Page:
October 26, 2023 3 min read

INJURY PREVENTION (Not Just for Pickleball)

I grew up in the Seattle area and I can confirm that the stereotypes are accurate. There are a lot of gray, rainy days. So many, in fact, that most of our PE classes were held indoors on the basketball court. For this reason, we were limited in what types of activities we could do. This meant that we played a lot of basketball, dodgeball and net based games like volleyball, badminton and Pickleball (which I understand was invented not too far from where I grew up, by a future Congress member). 

If you had asked me sometime in elementary school if I thought this game would someday become a popular sport, I would have laughed at you. I would have been dead wrong, as Pickleball is the fastest growing sport in the world right now, with a 152% increase in players between 2022 and 2023. Coming with that new found popularity are unforeseen consequences. Namely, injuries. 

Pickleball related injuries are projected to cost $400 million dollars in 2023, and that is just in the US. Many of these injuries are fall related with things like broken bones and torn ligaments due to the impact. There is only so much that someone can do to prevent a broken bone from falling. However, there is a lot that can be done to prevent the strains, sprains, tears and overuse injuries that are becoming more and more common. 

Let’s talk about strategies to mitigate injuries from playing as an adult (whether it’s Pickleball or some other game). 


If you aren’t already consistently engaged in resistance training, then you need to start. Not only does strength training make your muscles stronger and more resilient, it increases bone density, which helps prevent those bone breaks.


Specific things to include (besides the tried and true lifting movements) are movements that emphasis shoulder health:
  • Face Pulls
  • Band Pull Aparts
  • Internal/External DB rotations 
  • Y,T,I’s on suspension straps or face down with dumbbells
Also movements that move you through multiple planes of motion and awkward positions:
  • Cossack Squats
  • Lateral Lunges
  • Front and Back Lunges
  • Windmills 
  • Half Kneeling Presses and Rows

Finally, it is important to train explosive movements to train your body to get used to that type of movement. Not just to generate force, but to absorb safely:

  • Jumps - box, bounds, frog, etc.
  • Medball Throws and Catches
  • Power Skipping
  • Kettlebell Snatches and Cleans

This doesn’t quite fall under the definition of resistance training, but I’d encourage everyone to take a look at something like Tim Anderson’s Original Strength or sign up for some kind of tumbling class or Judo. Something that teaches you how to fall and move your body through space in a non-catastrophic way.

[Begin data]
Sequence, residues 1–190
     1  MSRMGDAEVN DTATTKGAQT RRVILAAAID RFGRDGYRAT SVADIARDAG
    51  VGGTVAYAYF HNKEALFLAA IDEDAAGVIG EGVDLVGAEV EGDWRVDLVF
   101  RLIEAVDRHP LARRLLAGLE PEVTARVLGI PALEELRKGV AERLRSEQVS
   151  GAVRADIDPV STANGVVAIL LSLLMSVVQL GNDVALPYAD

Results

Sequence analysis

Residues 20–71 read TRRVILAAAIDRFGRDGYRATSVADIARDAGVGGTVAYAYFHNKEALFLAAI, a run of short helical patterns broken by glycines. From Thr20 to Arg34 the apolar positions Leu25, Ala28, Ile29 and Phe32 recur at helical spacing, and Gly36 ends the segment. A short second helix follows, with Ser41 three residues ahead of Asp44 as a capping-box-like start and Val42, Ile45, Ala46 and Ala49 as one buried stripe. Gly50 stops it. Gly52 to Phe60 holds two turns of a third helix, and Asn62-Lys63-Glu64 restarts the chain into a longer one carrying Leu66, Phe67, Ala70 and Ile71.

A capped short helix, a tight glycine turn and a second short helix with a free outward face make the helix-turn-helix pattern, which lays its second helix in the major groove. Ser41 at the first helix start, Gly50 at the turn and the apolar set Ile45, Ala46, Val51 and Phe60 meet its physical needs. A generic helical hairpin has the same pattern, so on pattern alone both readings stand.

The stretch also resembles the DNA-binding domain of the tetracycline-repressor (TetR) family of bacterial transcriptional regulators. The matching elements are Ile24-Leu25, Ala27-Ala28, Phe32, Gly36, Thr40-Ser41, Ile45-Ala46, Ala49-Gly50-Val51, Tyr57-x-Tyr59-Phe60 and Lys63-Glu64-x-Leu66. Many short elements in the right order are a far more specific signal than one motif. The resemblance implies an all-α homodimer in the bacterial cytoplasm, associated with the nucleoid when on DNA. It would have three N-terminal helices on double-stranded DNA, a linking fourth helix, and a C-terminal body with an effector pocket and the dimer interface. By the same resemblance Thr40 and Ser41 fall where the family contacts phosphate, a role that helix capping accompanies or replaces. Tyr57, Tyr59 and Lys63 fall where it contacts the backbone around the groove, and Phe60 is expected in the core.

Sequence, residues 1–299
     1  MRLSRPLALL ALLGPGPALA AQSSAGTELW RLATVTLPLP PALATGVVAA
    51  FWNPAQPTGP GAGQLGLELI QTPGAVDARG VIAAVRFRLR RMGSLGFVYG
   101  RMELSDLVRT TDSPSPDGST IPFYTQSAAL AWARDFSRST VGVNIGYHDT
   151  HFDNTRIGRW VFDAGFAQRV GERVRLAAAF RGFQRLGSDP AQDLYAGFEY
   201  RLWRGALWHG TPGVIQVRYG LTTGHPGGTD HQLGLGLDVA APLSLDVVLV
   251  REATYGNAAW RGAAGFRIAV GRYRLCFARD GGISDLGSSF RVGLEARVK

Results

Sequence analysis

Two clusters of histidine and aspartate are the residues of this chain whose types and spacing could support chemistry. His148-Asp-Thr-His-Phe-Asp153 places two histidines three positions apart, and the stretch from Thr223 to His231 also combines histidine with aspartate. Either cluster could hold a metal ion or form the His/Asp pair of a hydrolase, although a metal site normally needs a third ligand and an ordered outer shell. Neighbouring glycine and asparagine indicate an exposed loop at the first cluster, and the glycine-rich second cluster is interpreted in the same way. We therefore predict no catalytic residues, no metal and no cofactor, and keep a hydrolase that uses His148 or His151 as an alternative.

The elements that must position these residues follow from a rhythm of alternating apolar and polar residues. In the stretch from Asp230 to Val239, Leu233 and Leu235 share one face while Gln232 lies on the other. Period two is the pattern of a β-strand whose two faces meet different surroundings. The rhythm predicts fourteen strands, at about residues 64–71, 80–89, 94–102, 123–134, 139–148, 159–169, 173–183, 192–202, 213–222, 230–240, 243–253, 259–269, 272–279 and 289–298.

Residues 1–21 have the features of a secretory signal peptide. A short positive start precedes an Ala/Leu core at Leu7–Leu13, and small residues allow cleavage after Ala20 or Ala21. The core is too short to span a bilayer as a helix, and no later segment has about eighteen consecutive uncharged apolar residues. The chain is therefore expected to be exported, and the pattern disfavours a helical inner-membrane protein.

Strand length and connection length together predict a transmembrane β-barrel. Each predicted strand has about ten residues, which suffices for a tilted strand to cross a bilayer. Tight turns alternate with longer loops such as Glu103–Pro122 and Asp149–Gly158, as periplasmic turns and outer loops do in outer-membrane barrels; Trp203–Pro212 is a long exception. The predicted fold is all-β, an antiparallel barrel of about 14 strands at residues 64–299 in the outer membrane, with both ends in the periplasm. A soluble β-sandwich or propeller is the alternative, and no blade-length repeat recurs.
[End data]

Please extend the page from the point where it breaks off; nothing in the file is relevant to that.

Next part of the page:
I’m sure we all remember being a kid. You could get up from sitting at your school desk for 3 hours and sprint out the door to recess to dominate kickball or red rover. No warm up needed, and generally, very few injuries of note. The joy of youth. Alas, that resiliency doesn’t stick with most of us. 

Warming up for play, whether it’s Pickleball or other game like Ultimate Frisbee, flag football, kickball, etc., is very important for the aged body. Getting your core temperature higher and blood moving to the muscles is the first step. Classic PE movements are great here:
  • Wrist circles
  • Shoulder Circles w/thumbs in armpits 
  • Big Shoulder Circles
  • Side Leg Swings
  • Front to back Leg Swings
  • Side Twists
  • Toe Touches 
Once you have a little sweat going, now is the time to include more dynamic movements:
  • Running in place
  • Jumping Jacks
  • High Knees
  • Carioca 
  • Bodyweight Squats
  • Cossack Squats
  • Power Skipping Forward, back and to the sides

This whole series will likely take you 5-10 minutes if you do all of the movements listed. If I’m honest, I hate warming up and I’m just as bad as anyone about doing it, even when I lift. It feels stupid and like a waste of time. However, I also know that my lifting, or playing, always feels better (faster, more explosive, less painful) when I do. And really, 10 minutes is a much lower cost than any surgery I’ve ever seen. 

One of the most important parts of life is also one of the things we lose the fastest in our life – play. We all need to take every opportunity available to play, but we need to make sure it is done in a way that doesn’t ultimately hurt us. The best ways to mitigate this are:

  • Get Strong (resistance training)
  • Build Armor (explosive lifting and multi-planar movements)
  • Warm Up
Do that and you can almost be like your 8 year old self again.

Leave a comment

Comments will be approved before showing up.